Slow growth, budget cuts & other key 2017 adland themes
by Bongani Chinkanda (@) We all agree that 2016 was a tough year. Having reassured ourselves, and our clients, that 2017 is the promised land, we’ve started January on a high. We’re walking tall, eating better and even making use of that R570 gym debit order. Agency executives have promised themselves they won’t make the same mistakes as they did in 2016. In short, they have heeded the learnings and left the heartache behind.
Great! But what does the future hold for Adland SA?
We will be faced with new opportunities, which will make our hearts race like the first time we fell in love. However, with each new year, we bring along the baggage from previous relationships. 2017 will be no different. The baggage of slow growth is the new norm and with it, unfortunately, come budget cuts and the domino effect of retrenchments.
But there is hope.
The growth of digital brings new opportunities for consumers, clients and agencies. Our population is still growing and, unlike Japan, ours is young and vibrant. So how do we keep the spirits of our youth high and their appetites hungry, even in the face of #feesmustfall and high unemployment? In tough times, the winner is always the one with the innovative ideas — just think of M-PESA in Kenya. Its growth has been explosive and even Facebook’s Mark Zuckerberg flew into the Rift Valley from Silicon Valley to learn more about mobile money.
So what are the key themes for the year of promise that is 2017?
Africa’s promise — don’t be too quick to pack your bags; just ask Tiger Brands and MTN
So billings are down and you get the call, “Can you execute a campaign for us in Kenya, Angola, DRC and Nigeria?” With dollar signs in your head you, answer, “Sure! We have partners on the ground. Should be a walk in the park.” And then comes the afterthought “What have I committed to??”
Many an agency executive has dreamt of having offices in Nairobi, Lagos and all sorts of ‘exotic’ capitals on the African continent. The harsh reality is that African countries are not like South African provinces. We already battle to understand that Limpopo is not KwaZulu-Natal when executing campaigns, and now you want to cross the border?
As much as Africa is the next growth frontier (which it has been for almost a decade), the danger is the assumptions we make about her. Yes, there is opportunity — especially if you look at what is happening in East Africa, specifically Kenya and Rwanda. However, there are also pockets of trouble, due to the drop in commodity prices and unmanageable sovereign debt — think Nigeria, Angola and Mozambique.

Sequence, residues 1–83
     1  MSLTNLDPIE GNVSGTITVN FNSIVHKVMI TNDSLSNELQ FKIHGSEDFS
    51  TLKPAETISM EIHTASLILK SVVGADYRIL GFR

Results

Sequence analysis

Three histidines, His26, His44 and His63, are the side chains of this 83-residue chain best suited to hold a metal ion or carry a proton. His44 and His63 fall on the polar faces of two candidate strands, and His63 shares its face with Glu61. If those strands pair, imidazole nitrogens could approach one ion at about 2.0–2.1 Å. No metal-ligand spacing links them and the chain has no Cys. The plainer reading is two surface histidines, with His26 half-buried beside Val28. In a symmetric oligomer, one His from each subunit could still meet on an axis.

So, before you invest heavily in that African team, spend a good R50k or so. Visit the markets and understand the on-the-ground dynamics; it will be a great investment. If anything, you will come back with great insights to share with your creative team on how to win with the base of the pyramid consumers back home.
We also do digital — what does that mean?
The big idea has been sold and you can practically see the purchase order being issued by procurement. Then the CMO says, “What’s lacking is the digital execution. Maybe we should get a digital agency to come through?”
The fear of another 2016 hits you and you say, “Oh, we also do digital” First mistake — that is, if you don’t have it as an offering within your agency.
Digital is not an ‘oh, by the way’ offering anymore. There is now a whole industry that is changing how we consume media, products and services. If you think digital is just a few Facebook posts and tweets, you have another think coming.
The digital growth figures are out and we see how it has changed industries. Even businesses such as MultiChoice are fighting to stay ahead of the change it brings. Digital has no respect for borders — think Uber and Netflix. We can run to trade and industry minister, Rob Davies, as often as we want for protection, but it won’t help. The baby was thrown out with the WWW and the rest is history.
What’s key for us as agency executives is to understand what the growth of digital means for our clients and their customers, and also how we may change our business models to suit this trend. Understand what you are talking about before you are asked whether UGC is a good fit for the big idea.
No. 1 says its 2.9%, IMF 0.8% & SARB 1.7% —they are all right
The era of CEs and POs coming through within 24 hours has ended. We now have the budget and CE police, aka ‘procurement’. These people don’t care about how aspirational your idea is and how it will induce trial. The question that causes any account director to pause is “what is the CPC?” Yes, clients want to know what the “cost per contact” is and rightfully so.
Just like them, I am tired of ideas that cannot be measured (though subjective) in some way. Enough of the pretty promoters that come at a premium and spend half their time on social media at an event. And the hashtags that are supposed to trend, but then what?
We are in a slow growth cycle. Just as you now think twice about going to Woollies for your monthly shop, our clients are in a similar position. So, when you present ideas in 2017, don’t force their hand to shop around. Be bold and quantify your ideas. Agree and define what the ROI is. They will love you for it. Besides, no one likes ‘we need to do a recon as we are not seeing value in the campaign’. You’ll think ‘but you approved the idea’. The proof is in the eating, not what is says on the menu.
Bongani Chinkanda (@) is business director at communications agency, Stretch.
“Motive” is a by-invitation-only column on MarkLives.com. Contributors are picked by the editors but generally don’t form part of our regular columnist lineup, unless the topic is off-column.